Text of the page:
I suppose the political debate within the European Union about introducing a new food labeling system has already been harshly fought and lost, but it probably seems still worthwhile to introduce parts of the discussion in the information graphics community. (however, some sources still give it a small chance of success)
The "Traffic Light Labeling" or "Traffic-Light Nutritional Signposting" uses red, amber and green signals to show consumers, at-a-glance, whether a food product is high, medium or low in fat, saturated fat, sugars and salt. The traffic-light labels is specifically designed to enable quick comparisons between similar products, in an attempt to encourage consumers to make healthier food choices by choosing more products with green or amber lights than red.
The currently used food labeling provides the percentage guideline daily amounts (%GDAs) of a specific food product. It is claimed this %GDAs scheme creates a number of barriers for making healthy choices: first, they may suggest to the consumer that GDAs are daily targets to be aimed at, whereas in fact they are limits not to be exceeded. Second, the %GDA numbers provide values 'per portion' rather than per 100g or 100ml. In addition, brands often differ in their definition of what a 'portion' exactly constitutes. Lastly, the percentage amounts apply only to people of 'average' build', excluding an increasing amount of consumers.
In addition, a recent scientific study has shown that traffic light labels work much better than %GDA labels (or a mix of the two) across all socio-economic groups. This means that the traffic light scheme is less likely to widen dietary and health inequalities by only being useful to the most numerate or literate consumers.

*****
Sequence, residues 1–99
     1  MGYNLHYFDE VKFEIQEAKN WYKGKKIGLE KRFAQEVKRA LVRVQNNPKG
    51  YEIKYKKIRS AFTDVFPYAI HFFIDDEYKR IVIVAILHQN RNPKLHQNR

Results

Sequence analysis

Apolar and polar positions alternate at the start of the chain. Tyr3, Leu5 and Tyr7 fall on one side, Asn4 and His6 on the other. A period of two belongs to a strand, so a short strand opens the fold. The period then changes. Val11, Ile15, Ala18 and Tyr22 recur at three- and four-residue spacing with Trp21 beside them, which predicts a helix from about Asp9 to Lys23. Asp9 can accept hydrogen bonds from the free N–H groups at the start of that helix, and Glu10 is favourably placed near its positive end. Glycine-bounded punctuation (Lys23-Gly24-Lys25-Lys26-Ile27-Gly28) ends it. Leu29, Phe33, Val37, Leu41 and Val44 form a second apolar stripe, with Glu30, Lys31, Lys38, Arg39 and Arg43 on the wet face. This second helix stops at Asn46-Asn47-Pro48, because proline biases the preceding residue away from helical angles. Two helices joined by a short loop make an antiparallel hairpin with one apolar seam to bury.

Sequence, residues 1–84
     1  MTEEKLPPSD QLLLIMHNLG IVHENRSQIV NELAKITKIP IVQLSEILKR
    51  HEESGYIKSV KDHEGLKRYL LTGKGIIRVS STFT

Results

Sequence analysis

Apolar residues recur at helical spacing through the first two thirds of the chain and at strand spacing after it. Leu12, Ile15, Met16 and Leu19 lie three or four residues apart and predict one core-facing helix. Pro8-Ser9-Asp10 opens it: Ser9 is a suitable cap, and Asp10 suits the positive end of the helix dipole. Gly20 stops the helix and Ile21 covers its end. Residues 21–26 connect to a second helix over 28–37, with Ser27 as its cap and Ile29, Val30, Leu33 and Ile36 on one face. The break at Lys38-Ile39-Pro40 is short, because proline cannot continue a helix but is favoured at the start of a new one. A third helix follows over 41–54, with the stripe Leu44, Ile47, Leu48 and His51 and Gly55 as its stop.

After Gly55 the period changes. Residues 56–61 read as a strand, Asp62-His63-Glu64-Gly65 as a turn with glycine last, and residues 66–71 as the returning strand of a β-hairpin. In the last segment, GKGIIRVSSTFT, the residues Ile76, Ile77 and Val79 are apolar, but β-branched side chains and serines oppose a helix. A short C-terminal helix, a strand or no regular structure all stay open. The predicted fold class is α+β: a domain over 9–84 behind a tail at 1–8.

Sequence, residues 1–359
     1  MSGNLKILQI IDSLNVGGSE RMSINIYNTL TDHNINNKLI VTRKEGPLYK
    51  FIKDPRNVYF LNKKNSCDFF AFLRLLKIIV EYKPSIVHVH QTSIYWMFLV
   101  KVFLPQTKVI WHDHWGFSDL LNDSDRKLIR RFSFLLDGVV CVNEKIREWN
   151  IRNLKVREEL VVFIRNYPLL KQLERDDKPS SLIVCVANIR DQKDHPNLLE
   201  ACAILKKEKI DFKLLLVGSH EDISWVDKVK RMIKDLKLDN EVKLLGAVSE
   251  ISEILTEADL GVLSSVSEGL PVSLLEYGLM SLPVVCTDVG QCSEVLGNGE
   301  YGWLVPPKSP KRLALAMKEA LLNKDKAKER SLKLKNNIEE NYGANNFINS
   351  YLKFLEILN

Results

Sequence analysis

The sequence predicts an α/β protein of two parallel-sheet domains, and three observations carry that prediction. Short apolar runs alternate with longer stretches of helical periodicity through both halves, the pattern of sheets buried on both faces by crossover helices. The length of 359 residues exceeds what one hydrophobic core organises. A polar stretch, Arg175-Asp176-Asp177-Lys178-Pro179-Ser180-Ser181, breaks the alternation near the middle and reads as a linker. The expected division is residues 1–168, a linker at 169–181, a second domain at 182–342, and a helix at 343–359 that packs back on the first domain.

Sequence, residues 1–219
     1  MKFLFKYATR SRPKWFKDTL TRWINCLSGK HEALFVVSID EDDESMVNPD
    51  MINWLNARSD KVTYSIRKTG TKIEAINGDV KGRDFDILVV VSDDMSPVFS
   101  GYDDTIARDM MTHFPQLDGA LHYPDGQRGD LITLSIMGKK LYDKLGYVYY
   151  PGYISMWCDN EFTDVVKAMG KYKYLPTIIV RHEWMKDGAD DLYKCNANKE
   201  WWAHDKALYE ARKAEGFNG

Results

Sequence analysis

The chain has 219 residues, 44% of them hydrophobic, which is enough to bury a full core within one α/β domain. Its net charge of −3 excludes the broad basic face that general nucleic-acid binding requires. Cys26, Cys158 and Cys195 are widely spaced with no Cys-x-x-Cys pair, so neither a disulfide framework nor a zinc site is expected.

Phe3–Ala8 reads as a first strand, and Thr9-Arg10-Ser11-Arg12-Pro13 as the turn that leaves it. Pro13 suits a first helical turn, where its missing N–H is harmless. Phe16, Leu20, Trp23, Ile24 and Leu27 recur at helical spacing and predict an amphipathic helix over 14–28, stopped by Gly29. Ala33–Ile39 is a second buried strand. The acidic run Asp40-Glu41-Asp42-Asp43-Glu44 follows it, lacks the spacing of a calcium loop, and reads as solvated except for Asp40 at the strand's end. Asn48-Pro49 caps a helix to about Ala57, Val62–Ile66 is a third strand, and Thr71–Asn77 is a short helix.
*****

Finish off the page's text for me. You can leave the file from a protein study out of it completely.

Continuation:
People against the system (and most, if not all, major food brands) argue that the traffic lights cover a too broad numerical range to be meaningful. For instance, a single soup spoon of both full-fat spread or low-fat spread would would be both colored red. Secondly, some foods such as olive oil and walnuts would be displayed as red lights in spite of their health-giving qualities. In other words, if a consumer stucks to a green lights diet only, she would actually not be eating a balanced diet, as one needs a certain amount of carbohydrate and fat.
Taken these arguments into account, and from an information graphics point of view, is the traffic light metaphor the right way to communicate nutritional information to people?
. McDonalds Menu Charts
. Nutrition Data Visualization
. Food Measuring Plate
. How Does 200 Calories Look Like?
. Cheerios Graph Critique
. What the World Eats
. How Much Sugar is in Your Food?
. Eat Local Advertisement
. Beer Consumption per Country
. How to Feed the World